When Hammurabi became king in 1792 B.C., Babylon wasn’t a match for its rival to the south, Larsa, whose King Rim Sin I had defeated Hammurabi’s father in battle. But Hammurabi quickly set about strengthening his city-state. He became the first Babylonian king to erect protective walls around the city, according to historian Susan Wise Bauer. At the same time, Hammurabi made sure to ingratiate himself with his subjects, issuing a proclamation that canceled all their debts—a gesture that he would repeat four times in the course of his reign.
Like a modern governor or senator who boosts his popularity by getting roads repaired and bridges built in his home state, Hammurabi further strengthened himself politically by embarking upon a succession of massive infrastructure projects. He built temples, granaries and palaces, constructed a bridge across the Euphrates River that allowed the city to expand on both banks, and dug a great irrigation canal that also protected land from floods.
The investments he made paid off, as Babylon gradually developed into a wealthy, prosperous place. But Hammurabi also made sure everybody knew he was responsible for all of the good fortune. When he built his canal, for example, he made sure everyone knew that he was only keeping up his obligation to the gods, who had entrusted him with the land.
“Its banks on both sides I turned into cultivated ground,” Hammurabi proclaimed, according to historian Will Durant’s The Story of Civilization. “I heaped up piles of grain, I provided unfailing water for the lands…The scattered people I gathered with pasturage and water I provided them, I pastured them with abundance, and settled them in peaceful dwellings.”
READ MORE: Hanging Gardens Existed, But Not in Babylon
After several decades of building up Babylon, Hammurabi was strong enough that he could embark on wars of conquest, as Stephen Bertman writes in the Handbook to Life in Ancient Mesopotamia. In quick succession, he moved on Eschnunna in the east, Assyria to the north, Larsa to the south and Mari in the west.
Hammurabi had a deft, though duplicitous, way of combining force and diplomacy, As the Ancient History Encyclopedia details, he would form alliances with other rulers, and then break them whenever it was convenient to do so.
He also waged warfare in devious ways. One of his tricks was to dam up a rival city’s water supply. Then he would either use thirst to pressure its leaders into surrendering, or else suddenly release the waters and cause a devastating flood that would soften his target for his attack.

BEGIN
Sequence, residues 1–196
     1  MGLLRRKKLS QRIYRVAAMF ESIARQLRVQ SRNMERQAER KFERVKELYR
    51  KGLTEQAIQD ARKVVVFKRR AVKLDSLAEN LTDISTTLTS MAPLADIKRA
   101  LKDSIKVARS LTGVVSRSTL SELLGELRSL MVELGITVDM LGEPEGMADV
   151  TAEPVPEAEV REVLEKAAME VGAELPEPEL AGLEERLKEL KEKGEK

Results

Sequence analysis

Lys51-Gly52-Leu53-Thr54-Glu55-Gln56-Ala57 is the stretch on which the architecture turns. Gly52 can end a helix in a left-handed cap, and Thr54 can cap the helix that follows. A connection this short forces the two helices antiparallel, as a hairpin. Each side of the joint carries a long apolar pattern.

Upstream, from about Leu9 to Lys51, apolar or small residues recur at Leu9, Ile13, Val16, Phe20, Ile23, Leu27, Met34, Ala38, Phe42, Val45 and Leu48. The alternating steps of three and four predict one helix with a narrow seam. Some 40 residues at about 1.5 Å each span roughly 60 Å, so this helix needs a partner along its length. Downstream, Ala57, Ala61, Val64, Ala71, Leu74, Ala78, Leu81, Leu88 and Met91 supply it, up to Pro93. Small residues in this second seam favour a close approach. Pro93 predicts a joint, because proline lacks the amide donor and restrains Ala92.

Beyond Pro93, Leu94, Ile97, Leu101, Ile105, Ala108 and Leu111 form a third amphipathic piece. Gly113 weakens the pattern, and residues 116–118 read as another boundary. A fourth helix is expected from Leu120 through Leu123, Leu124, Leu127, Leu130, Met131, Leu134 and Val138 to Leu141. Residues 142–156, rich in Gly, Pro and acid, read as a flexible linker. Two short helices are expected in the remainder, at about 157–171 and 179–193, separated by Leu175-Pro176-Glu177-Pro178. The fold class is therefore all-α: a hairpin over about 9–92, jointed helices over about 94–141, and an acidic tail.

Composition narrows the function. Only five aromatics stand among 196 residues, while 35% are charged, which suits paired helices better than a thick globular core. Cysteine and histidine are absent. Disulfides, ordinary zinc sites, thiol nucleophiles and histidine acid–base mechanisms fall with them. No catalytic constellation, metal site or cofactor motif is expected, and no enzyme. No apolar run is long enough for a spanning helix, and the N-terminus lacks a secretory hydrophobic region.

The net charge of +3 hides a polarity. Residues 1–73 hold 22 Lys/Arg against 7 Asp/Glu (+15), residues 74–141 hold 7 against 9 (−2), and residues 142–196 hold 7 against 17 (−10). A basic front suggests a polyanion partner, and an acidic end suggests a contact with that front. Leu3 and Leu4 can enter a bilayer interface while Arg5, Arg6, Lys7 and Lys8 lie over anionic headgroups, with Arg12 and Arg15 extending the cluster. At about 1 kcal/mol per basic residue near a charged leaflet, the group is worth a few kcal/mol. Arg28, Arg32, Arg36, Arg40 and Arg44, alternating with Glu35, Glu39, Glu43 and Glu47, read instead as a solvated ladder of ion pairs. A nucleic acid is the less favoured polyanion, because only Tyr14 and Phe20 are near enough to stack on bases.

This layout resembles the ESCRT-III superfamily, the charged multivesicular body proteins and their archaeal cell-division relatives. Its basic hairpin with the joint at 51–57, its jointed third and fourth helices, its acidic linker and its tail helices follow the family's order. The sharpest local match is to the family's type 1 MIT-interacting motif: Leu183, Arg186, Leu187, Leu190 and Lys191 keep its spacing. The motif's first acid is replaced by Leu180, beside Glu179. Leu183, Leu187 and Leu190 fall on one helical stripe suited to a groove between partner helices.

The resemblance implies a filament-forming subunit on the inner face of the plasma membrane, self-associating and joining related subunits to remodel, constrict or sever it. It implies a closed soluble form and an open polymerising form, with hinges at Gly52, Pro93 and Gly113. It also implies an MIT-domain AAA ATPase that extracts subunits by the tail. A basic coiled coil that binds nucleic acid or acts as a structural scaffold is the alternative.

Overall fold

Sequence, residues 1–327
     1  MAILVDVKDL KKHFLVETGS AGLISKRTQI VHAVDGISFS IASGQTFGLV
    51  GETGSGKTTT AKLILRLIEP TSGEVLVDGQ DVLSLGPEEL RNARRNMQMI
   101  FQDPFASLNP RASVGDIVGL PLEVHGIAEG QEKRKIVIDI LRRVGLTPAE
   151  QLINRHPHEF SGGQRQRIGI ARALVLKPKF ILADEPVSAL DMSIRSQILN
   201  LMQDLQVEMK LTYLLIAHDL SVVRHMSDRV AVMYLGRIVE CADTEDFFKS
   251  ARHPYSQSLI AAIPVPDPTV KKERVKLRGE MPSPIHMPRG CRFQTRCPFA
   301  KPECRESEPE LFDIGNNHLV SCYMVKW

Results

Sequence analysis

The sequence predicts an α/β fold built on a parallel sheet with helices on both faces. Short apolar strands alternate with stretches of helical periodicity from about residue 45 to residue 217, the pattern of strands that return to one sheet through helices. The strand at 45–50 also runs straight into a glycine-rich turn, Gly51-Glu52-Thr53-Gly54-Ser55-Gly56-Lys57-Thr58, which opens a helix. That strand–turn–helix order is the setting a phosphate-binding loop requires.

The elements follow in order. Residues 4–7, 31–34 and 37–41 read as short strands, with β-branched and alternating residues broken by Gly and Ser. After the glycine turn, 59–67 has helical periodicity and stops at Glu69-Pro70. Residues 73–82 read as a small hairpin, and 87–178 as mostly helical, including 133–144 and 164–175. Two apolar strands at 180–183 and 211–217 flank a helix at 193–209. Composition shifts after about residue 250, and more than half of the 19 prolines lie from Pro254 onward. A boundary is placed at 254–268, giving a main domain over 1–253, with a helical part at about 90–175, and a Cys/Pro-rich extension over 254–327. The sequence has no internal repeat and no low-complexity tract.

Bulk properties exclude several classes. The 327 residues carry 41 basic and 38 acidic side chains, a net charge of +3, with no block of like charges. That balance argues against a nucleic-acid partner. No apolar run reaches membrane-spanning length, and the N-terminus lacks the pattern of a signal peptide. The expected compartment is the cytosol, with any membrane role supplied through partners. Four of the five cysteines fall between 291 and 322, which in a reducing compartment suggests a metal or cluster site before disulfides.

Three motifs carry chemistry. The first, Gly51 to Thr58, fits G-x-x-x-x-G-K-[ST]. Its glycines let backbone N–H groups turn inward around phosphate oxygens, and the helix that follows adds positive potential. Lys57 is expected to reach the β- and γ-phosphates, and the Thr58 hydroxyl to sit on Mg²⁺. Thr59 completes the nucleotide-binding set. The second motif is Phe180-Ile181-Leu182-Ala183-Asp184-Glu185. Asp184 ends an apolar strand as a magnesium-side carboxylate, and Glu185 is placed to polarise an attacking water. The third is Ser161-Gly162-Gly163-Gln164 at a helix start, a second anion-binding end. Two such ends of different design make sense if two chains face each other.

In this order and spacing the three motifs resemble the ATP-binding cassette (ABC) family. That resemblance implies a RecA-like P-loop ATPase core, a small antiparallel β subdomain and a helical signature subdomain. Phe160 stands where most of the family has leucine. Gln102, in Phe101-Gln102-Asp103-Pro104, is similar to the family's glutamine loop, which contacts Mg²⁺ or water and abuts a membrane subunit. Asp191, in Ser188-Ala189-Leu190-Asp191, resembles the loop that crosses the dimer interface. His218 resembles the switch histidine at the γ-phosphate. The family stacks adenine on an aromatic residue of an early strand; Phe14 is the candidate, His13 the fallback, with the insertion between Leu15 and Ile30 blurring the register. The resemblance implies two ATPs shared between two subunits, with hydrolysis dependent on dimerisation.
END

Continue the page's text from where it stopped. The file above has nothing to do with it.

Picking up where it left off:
Hammurabi’s elaborate legal code covered matters ranging from building safety and inheritances to the discipline of slaves and the fees that ancient veterinarians should be paid for operating on oxen and donkeys.
It wasn’t the first legal system, and as Diamond points out, Hammurabi actually included laws created by previous kings. But what resonated was the idea of a society built upon the principle of law and order—applied to everyone.
“There are many laws that today we would categorize as harsh or barbaric, but there are others that suggest care and responsibility for marginalized groups,” Diamond explains.
Hammurabi’s legal system included features that are familiar today, such as the principle that evidence had to be gathered and proof established in order to convict someone of a crime. “The ‘innocent until proven guilty’ theme still resonates with us,” Diamond says. Additionally, it provides for what might have been the first alimony payments.
In some ways, the Code of Hammurabi also was a public relations tool, a way for the king to subtly hype himself as a wise, benevolent ruler. To that end, a surviving example of Hammurabi’s stone pillars depicts him meeting with Shamash, the Babylonians’ god of Justice.
“There is little doubt that Hammurabi wanted to be perceived as a just ruler who protected his citizens, in addition to a surrogate for the gods on Earth, war leader, builder and final judge,” Diamond explains.
But while Hammurabi might have been one of history’s first great political self-promoters, the image he created wasn’t all hype. He was a genuinely benevolent ruler who wanted his subjects to enjoy better lives. In the ancient king’s correspondence with his officials, he makes clear that anyone who felt they’d been mistreated by his courts could appeal to the king for a reprieve.
As biographer Van De Mieroop writes, “he guaranteed that all people were judged fairly and did not have to fear his power.”
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